There once was a coach who had an incredible run, all of it with one team. Paired with one of the sport’s all-time transcendent stars, the men combined to win six championships, turning their city into Titletown. With egos (mostly) in check and teammates (mostly) on board, they built a dynasty.
But then, it ended. Coach and player went their separate ways, to varying degrees of success, one tasting ultimate victory again, the other left to remember past glory.
History might always remember them together, but Phil Jackson and Michael Jordan didn’t go the distance.
Neither did Bill Belichick and Tom Brady.
But unlike Brady’s post-Patriots path, which went south to Tampa Bay and won another Super Bowl, it was Jordan who remained title-less in a post-Jackson world. From Chicago, Jackson continued to thrive, landing in Los Angeles and winning five more NBA titles. It was one of the greatest second coaching acts in sports history, a combination of good timing and smart choosing. Having won already with Jordan, Scottie Pippen, et al, Jackson was finally lured back to the bench by the championship-caliber Kobe Bryant-Shaquille O’Neal tandem.
But here in New England, it’s the coach who stayed behind who continues to struggle on his own, and the heat on Belichick is growing hotter by the week. At 1-3, coming off the most lopsided loss of his storied career, Belichick is facing as crucial a set of games as he has in 24 seasons in charge. Before he can even eye the all-time NFL coaching record by Don Shula that remains 18 wins away, Belichick needs to right this season’s ship. Patriots owner Robert Kraft made it clear at the offseason owners’ meetings he expected a playoff team this year, stating flatly that he prioritizes franchise achievements over personal statistical ones, even for an all-time coach.
“Look, I’d like him to break Don Shula’s record, but I’m not looking for any of our players to get great stats,” Kraft said in March. “We’re about winning and doing whatever we can to win. That’s what our focus is.”
Like Jackson, Belichick is considered among the best to ever do it in his sport. But like everyone who makes sports their professional life, they eventually will be reminded it is a business, too. Kraft made sure to make that point as well, saying back then, “In the end, this is a business. You either execute and win, or you don’t. That’s where we’re at.”
In other words, nothing lasts forever. If the end is truly near for Belichick — and without a turnaround from here, that sure seems possible, if once unthinkable — would he find a second act, a la Jackson? The path isn’t nearly as clear.
First, there’s Belichick’s age. He’s 71. Jackson was only 53 when his stint with the Bulls ended in 1998. Not to say there’s not a team out there that wouldn’t take a chance on Belichick despite his age — Pete Carroll is still going strong at 72, Andy Reid is 65 — but reality is trending the other way. Ten current NFL coaches are 40 or younger. No one else out there can match Belichick’s résumé, of course, but if he built part of that legacy on making the difficult calls, often releasing or trading popular players just before their shelf life expired, it’s only fair he faces the same stringent standard.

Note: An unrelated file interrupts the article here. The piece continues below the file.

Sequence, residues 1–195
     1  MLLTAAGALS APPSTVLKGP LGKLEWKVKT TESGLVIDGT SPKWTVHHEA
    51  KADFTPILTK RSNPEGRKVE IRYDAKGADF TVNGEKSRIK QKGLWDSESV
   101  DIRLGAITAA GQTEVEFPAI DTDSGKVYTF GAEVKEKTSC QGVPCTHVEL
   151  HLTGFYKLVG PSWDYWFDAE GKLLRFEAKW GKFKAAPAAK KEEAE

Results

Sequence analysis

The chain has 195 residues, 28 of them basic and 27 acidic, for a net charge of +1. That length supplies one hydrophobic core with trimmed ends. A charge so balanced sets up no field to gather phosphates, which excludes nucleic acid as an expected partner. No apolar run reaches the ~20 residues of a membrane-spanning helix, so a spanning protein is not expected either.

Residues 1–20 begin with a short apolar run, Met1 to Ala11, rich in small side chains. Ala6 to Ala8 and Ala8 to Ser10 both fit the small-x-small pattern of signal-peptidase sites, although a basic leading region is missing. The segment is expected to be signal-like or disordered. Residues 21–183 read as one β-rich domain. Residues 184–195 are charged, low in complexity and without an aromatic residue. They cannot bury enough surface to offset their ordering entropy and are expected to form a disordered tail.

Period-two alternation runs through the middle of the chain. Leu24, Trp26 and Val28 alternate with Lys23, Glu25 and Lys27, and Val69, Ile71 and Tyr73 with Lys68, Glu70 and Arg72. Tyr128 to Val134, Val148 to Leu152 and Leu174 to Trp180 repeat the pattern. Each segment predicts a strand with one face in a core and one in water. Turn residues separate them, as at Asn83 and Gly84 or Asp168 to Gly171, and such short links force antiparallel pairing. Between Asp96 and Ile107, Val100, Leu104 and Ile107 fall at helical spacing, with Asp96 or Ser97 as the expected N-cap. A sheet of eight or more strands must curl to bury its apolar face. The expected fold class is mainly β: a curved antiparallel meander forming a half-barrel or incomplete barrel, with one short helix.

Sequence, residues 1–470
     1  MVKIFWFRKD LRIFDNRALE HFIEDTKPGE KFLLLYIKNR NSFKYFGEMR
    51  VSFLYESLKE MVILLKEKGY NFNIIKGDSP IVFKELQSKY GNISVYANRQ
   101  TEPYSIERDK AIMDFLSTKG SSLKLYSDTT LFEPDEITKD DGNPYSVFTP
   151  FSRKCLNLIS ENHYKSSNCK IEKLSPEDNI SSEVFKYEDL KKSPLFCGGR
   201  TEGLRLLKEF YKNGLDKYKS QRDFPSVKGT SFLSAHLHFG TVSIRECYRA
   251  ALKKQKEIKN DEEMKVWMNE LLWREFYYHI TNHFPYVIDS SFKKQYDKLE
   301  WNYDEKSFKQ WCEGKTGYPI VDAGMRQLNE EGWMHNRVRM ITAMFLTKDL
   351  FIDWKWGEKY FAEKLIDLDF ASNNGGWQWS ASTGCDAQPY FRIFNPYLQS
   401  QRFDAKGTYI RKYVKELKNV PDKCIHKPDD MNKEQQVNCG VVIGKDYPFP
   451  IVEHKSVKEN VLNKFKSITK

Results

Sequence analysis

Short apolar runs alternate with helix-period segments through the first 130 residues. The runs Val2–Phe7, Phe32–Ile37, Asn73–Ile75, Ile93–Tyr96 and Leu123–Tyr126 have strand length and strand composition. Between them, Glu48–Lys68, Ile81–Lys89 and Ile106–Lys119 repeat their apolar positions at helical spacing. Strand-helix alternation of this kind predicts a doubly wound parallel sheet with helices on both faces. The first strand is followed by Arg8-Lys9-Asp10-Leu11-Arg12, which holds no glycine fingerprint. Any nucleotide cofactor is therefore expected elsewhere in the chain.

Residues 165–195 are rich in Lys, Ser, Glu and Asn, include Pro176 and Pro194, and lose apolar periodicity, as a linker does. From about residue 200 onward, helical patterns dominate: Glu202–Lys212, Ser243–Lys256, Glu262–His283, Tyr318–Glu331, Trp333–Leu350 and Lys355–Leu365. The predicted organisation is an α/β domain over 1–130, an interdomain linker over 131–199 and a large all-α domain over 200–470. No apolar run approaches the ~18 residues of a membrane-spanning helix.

For Jackson, moving on from Chicago proved successful, at least on the bench. Where Belichick made his NFL bones as a defensive genius, winning his first championships as the defensive coordinator for the Giants, Jackson wrote his legacy behind the triangle offense, which revolutionized the NBA. That he was able to transfer his philosophy from Chicago to LA was no doubt aided by the talent on both rosters, but his later career foray into roster building wasn’t so successful.
Done with coaching in 2011, Jackson returned to the NBA in 2014, finally convinced to cash James Dolan’s check to tune of a five-year, $60 million contract to become the general manager of the Knicks. But Jackson’s heart was never in it, and the results were ugly. They made a “mutual parting” three years later, no playoff appearances but plenty of rancor between Jackson and stars Carmelo Anthony and Kristaps Porzingis.
Belichick, also the Patriots’ GM, hasn’t helped himself with recent personnel decisions. From high draft picks spent on the likes of N’Keal Harry or massive free agent deals given to the likes of Jonnu Smith, both inarguable busts, Belichick’s annual winning percentage as a coach has slowed to a drip.
And it’s not getting any better soon. His two best defensive players sustained serious injuries in Dallas, with rookie cornerback Christian Gonzalez out for the year after surgery to repair a torn labrum and veteran linebacker Matthew Judon possibly out that long, too, though he’s promising to try to return from biceps surgery. Belichick’s first-round draft expenditure on Mac Jones also looks more suspect by the week, with the third-year quarterback coming off his worst game as a Patriot.
Belichick was asked Friday morning about Jones’s ability to bounce back, and his answer might just as well have been talking about himself.
“Anybody who plays or coaches in this league has not so good performances somewhere along the line,” Belichick said. “So, part of the job, part of the situation, every week’s a new week. Mac’s pretty mentally tough. So is everybody else around here. I mean, you have to be in this league. If it just goes from bad to worse, then you’re not going to be around very long. We all get knocked down, got to get up and go back in the ring.”